For today's seniors, there is more to life than Bingo.
Doctors say elders can have a better quality of life if they stay fit. Maintaining strength and flexibility can mean the difference between being stuck on the couch or popping up for walk, rocking the day away or going on vacation.
Seniors can accomplish fitness in a number of ways, from hitting the weights to cutting the rug.
Common problems for those in their 70s include loss of muscle strength and bone density, vision and hearing loss, inner ear balance loss, says Jacqueline Sinke, owner of Fitness and Function, a Portland business that caters to elders.
Maintaining muscle strength and mobility can forestall a lot of problems, Sinke explains. For example, exercise tends to improve posture and reduce back pain. And stronger muscles can help maintain bone density — music the ears for seniors who fear broken bones from falls.
When it comes to preventing falls, there are exercises that can help compensate for the dizziness that comes with inner ear problems or the balance problems that come with numb feet.
When it comes to weight training, Sinke recommends that seniors start where comfortable and then work their way up.
"Older adults can work at high intensity of weight training," Sinke says. "And high amounts of muscle power are necessary for successful aging."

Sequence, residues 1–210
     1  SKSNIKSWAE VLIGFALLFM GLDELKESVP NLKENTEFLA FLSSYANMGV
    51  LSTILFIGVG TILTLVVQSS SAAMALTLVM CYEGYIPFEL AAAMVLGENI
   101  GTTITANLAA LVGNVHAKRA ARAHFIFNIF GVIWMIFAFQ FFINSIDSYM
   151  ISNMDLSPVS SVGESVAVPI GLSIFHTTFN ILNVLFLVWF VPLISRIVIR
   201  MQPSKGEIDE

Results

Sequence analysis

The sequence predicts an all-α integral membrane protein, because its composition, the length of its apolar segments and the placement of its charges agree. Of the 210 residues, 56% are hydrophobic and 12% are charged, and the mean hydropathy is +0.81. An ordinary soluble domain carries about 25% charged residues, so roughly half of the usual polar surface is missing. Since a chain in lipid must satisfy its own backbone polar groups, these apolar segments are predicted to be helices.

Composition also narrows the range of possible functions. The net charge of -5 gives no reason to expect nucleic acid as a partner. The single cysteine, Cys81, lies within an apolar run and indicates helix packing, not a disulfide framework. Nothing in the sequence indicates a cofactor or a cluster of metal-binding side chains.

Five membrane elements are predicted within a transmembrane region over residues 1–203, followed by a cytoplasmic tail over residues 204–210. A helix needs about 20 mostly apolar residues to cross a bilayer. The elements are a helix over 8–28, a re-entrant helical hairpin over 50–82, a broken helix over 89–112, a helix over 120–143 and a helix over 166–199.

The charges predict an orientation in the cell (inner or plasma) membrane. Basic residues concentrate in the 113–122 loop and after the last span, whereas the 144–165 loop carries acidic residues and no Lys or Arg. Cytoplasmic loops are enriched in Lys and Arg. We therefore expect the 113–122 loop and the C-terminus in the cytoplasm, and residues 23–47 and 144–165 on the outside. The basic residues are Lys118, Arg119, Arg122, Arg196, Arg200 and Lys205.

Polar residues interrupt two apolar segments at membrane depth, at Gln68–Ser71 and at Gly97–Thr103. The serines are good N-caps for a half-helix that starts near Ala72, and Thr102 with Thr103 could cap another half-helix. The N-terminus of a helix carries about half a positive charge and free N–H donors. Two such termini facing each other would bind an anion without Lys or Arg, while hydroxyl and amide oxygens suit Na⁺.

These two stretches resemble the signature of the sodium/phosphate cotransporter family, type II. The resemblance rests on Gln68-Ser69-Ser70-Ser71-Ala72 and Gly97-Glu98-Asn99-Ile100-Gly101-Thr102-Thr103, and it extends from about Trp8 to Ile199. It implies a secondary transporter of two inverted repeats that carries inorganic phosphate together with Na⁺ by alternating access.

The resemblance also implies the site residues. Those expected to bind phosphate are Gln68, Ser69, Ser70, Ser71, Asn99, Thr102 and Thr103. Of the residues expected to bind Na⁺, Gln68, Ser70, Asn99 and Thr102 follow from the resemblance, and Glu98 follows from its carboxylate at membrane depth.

Hitting the weights may help you get out of the car, climb the stairs and stay steady during late night trips to the bathroom.
Sinke recalls one 93-year-old client who seemed destined for the nursing home. But training has helped him stay at home and prevent falls.
For seniors who like their exercise to come with music and perhaps an enchanting partner, Beaverton-based BallroomWorks uses dance to promote fitness and social well being.
Instructors design individual programs, taking into account age, mobility and goals. In addition to individual dance lessons, there is group instruction and a monthly dance party.
Laura Barker, owner of BallroomWorks, says seniors benefit especially from dance because it is a mental, as well as a physical, workout. Using the mind to memorize steps and make spontaneous decisions when out on the floor has proven good for function.
One study found that while doing a crossword four times per week reduced risk of dementia by 47 percent, frequent dancing offered a 76 percent risk reduction.
Many elders turn to dance after heart surgery, strokes and even the onset of dementia.
Others come after the death of a spouse. Barker says that those 70 and older tend to recall old steps they once knew, but also learn new dances. A few elders explain to Barker that they never danced because their childhood religion forbad it.
For some, dance is mostly for enjoyment. For others, it's a lifesaver. Barker cites a Vietnam veteran who broke his back as a paratrooper and was exposed to agent orange. He had lost feeling in his feet and had limited range of motion. He was not expected to live much longer.
But after dance, his health has improved. Doctors at the VA medical center say his range of motion has increased by 30 percent and note a big improvement in steadiness.
"Dancing can really help balance," Barker observes. "You learn to be more self aware. You learn where you are putting weight."
Barker reports that among seniors, the foxtrot is tops, followed by swing. But she also teaches waltz, tango, rumba, samba and hustle.